Ukulele Song Editing With Auto-Format: Plain Text to ChordPro in Minutes

AutoFormat-ChordPro-from-PlainText

This 3 minute video tutorial covers the difference between “plain text” songs and ChordPro formated ones. It also demonstrates how the UkeGeeks editor can automatically do the conversion for you (as well as introducing a few common tags).

Sounds tre fantastic, no?

Well, of course, but there are limits. Rule one for doctors is “do no harm”. Well, not being a perfectionist I aim for “don’t do too much” (harm). So the auto-conversion is cautious — it only recognizes “common” chord shapes (I used Hal Leonard’s “Uke Chord Finder” as a guide). Using “F” as an example here’s the recognized chord names:

Fm, Fm6, Fm7, Fm9, Fdim, Fdim7, Fmaj7, Fsus2, Fsus4, Faug, F6, F7, F9, & Fadd9

In addition, the chord names can only be sharp or flatted: D, D#, Db.

(see footnote if you need more flexibility than this provides)

It’s fair to ask whether one song format is really better than another. For ease of editing the plain text (see below) format is definitely easier — moving when to play a chord requires adding or removing spaces, now that’s easy!

  F                G7
I don't know why I am so very shy,
  C7         F
I always was demure,
                  C
I never knew what silly lovers do,

There is a downside, however, and it’s due to how programs need to see data. With plain text a program must guess where the song’s title and artist’s names are located. Compare this to ChordPro file format where you explicitly set these apart:

{title: Loving A Rock Is Hard}
{artist: J.B.Mangrove}

For software this is awesome. Also, marking chords by placing them within square brackets ensures that the program can accurately find them, making features like transpose or drawing chord fingering diagrams a cinch. Here’s that song written in a computer readable form (“ChordPro” format):

{title: Loving A Rock Is Hard}
{artist: J.B.Mangrove}

I [F]don't know why I [G7]am so very shy,
I [C7]always was [F]demure,
I never knew what [C]silly lovers do,

I often keep both formats for songs, certainly while I’m still working through how to play it (when experimentation and moving chords is most useful). I make two files per song:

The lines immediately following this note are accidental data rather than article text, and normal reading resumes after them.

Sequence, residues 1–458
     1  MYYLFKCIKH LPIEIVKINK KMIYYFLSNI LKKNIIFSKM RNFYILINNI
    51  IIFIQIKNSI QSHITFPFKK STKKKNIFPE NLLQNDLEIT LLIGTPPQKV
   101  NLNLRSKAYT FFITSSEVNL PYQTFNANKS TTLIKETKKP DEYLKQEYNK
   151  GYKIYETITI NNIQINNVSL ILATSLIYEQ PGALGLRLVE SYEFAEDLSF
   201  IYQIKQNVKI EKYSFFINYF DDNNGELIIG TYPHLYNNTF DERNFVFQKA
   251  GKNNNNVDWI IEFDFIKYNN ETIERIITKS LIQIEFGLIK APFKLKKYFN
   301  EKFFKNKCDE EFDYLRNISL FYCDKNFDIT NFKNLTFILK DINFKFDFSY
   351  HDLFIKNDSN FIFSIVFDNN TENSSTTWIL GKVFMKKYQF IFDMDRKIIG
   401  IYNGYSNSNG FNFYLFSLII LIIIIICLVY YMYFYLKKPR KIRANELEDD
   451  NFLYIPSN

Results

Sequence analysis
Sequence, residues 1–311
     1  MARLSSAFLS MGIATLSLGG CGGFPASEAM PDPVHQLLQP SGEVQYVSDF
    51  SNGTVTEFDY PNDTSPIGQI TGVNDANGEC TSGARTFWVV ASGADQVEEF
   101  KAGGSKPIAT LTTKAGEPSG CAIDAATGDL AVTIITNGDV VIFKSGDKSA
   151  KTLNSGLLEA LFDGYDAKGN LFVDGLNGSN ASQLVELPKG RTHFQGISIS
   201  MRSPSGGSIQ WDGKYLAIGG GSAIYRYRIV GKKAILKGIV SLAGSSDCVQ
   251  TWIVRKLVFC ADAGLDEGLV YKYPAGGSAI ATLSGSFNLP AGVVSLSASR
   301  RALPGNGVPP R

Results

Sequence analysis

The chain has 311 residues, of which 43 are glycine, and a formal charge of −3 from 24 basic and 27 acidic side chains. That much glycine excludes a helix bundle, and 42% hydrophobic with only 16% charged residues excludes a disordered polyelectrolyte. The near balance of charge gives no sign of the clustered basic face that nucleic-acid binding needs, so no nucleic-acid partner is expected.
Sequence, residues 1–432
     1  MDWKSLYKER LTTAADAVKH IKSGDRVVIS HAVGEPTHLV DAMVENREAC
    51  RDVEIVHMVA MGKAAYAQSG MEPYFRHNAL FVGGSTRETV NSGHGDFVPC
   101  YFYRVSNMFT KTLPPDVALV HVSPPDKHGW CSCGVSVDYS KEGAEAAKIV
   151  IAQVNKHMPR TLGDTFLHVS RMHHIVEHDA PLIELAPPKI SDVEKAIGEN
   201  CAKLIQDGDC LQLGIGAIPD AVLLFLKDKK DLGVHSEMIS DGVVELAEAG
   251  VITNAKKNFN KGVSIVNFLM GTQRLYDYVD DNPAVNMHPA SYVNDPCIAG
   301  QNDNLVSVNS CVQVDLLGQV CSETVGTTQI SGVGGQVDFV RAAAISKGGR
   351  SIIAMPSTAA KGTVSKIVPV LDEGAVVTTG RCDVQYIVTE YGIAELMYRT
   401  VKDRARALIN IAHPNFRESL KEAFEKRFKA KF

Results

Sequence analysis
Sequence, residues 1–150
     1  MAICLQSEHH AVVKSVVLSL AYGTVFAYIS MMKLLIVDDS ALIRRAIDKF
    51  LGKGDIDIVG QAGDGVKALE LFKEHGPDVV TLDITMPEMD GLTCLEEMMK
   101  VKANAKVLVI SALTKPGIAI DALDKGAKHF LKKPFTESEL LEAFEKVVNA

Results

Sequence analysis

• mySong.txt (the “Plain Text” version)
  • mySong.cpm.txt (the ChordPro markup version)

Look, geeks don’t trust computers — good geeks maintain many backups, so I’d encourage you to do the same — especially now that the editor will reformat your plain text version on a whim.

Cheers!

Footnote:

If you need a more forgiving conversion then try the Song Reformat Tool with the “common chords only” option disabled (verify the results, of course).

If your song is all tablature — i.e. it isn’t suppose to contain any chords — then check the “Don’t perform this check again” option.

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3 comments

  1. Nice stuff !

    Only showing 5 frets is not a real problem and can be modified in the code
    this.numFrets = 5;
    A pitty chord diagrams only show first 5 frets ok neck.
    Where can I modifiy code so that top fret is not the first of neck and add a little number on the left of diagram to inducate what is the fiste fret of the chords.
    I have trieds modifying the definitions with frets higher than 5 with no succes…

    This type of E chord does not show

    {define: E frets 4 4 4 7 fingers 1 1 1 1 add: string 1 fret 7 finger 4}\

    Am I wrong ?

  2. It’s me again !
    Looks like you can data a chord definition with frets higher than 5 within the syntaxed text cpm.txt
    but not premanently in the definitions.sopraneoUkuleleGcea.js file ?

    • Yeah, If running UGS on your own site you can replace that definitions file. A few folks have come up with “user defined dictionaries” to augment or replace that basic one. But using the editor (such as the one hosted on UkeGeeks) you’re stuck with what’s already been defined or adding your own {define: ...} tags.

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